when adding a built-in control to a command bar, you pass the ID property for the built-in control in the ID argument of the Controls collection's Add method.
CommandBars("MyToolbar").Controls.Add Type:=msoControlType.msoControlButton, _
Type - The type of control to be added to the specified command bar. Can be one of the following MsoControlType constants.
Id - An integer that specifies a built-in control. If the value of this argument is 1, or if this argument is omitted, a blank custom control of the specified type will be added to the command bar.
Parameter - For built-in controls, this argument is used by the container application to run the command. For custom controls, you can use this argument to send information to Visual Basic procedures, or you can use it to store information about the control (similar to a second Tag property value).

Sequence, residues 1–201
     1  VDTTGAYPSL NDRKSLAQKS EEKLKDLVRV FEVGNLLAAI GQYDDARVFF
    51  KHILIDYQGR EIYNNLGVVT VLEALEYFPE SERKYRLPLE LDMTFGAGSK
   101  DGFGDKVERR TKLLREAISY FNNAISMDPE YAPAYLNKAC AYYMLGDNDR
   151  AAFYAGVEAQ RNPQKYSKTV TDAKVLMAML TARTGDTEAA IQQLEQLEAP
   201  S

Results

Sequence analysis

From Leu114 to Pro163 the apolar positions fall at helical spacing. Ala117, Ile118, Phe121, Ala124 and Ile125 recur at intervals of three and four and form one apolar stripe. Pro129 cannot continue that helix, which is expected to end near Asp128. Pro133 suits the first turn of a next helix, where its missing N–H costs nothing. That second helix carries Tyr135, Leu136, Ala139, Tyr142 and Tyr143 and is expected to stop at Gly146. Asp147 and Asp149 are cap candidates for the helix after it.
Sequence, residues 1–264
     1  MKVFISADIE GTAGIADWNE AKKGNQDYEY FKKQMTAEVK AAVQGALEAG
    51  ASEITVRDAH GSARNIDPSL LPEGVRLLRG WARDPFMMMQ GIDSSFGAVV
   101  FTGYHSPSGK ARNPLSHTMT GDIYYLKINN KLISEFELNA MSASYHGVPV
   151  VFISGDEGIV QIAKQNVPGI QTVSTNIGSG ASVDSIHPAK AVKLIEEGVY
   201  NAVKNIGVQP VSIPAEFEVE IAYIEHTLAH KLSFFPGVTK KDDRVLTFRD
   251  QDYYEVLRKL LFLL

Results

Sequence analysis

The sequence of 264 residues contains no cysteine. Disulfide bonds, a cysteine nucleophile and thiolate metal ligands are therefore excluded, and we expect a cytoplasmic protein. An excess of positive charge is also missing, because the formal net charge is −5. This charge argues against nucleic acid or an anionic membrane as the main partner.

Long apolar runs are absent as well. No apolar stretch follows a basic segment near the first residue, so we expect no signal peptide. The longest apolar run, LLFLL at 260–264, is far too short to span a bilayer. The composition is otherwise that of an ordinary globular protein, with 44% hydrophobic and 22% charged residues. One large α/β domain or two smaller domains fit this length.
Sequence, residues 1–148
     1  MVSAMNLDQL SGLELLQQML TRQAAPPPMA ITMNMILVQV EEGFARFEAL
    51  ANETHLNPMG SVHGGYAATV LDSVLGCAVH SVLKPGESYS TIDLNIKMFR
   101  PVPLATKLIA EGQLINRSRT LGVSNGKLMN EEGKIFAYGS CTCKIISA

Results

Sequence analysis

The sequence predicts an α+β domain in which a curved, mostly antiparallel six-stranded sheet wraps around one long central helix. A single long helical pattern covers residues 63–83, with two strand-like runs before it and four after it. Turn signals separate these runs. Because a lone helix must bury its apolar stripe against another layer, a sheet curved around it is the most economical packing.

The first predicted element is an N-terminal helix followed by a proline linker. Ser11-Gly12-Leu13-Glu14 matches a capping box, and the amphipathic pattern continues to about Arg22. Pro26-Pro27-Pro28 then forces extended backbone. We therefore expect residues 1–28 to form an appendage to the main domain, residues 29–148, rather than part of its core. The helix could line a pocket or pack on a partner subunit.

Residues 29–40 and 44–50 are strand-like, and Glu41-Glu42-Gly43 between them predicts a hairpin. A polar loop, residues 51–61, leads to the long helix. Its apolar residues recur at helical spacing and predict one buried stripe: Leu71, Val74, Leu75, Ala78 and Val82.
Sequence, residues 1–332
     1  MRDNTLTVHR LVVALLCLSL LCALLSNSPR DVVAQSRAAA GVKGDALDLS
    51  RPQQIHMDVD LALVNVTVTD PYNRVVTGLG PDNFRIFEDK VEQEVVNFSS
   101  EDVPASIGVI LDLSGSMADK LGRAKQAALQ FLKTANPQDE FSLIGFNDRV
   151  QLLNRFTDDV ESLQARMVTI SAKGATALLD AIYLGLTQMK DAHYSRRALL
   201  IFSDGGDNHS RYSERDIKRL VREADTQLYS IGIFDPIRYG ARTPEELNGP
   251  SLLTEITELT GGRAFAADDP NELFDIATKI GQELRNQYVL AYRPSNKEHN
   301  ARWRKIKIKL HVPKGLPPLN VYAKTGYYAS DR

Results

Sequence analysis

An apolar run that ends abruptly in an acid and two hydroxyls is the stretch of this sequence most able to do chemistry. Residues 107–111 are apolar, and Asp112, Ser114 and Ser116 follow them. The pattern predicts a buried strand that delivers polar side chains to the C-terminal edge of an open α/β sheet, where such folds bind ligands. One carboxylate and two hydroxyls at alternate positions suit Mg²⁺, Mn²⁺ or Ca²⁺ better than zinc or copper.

Before - A number that indicates the position of the new control on the command bar. The new control will be inserted before the control at this position. If this argument is omitted, the control is added at the end of the specified command bar.
Temporary - The default value is False. True to make the new control temporary. Temporary controls are automatically deleted when the container application is closed.
Adding Custom Commands
when you create a custom command bar button, you must set both the Style and Caption properties to make sure that a caption will appear on the button.
Assigning Shortcut Keys
The following adds a menu that features a shortcut key.
You must use the MacroOptions to actually create the shortcut key (?)
Set objtoolmenu = CommandBars(1).FindControl(Id:=30007)
Set objnewmenu = objToolsMenu.Controls.Add(Type:=msoControlButton)
.OnAction = "MyCustomMacro"
.ShortcutText = "Ctrl + Shift + C"
Application.MacroOptions Macro:="MyCustomMacro", _
Application.OnKey "^+c", "MyCustomMacro" ??
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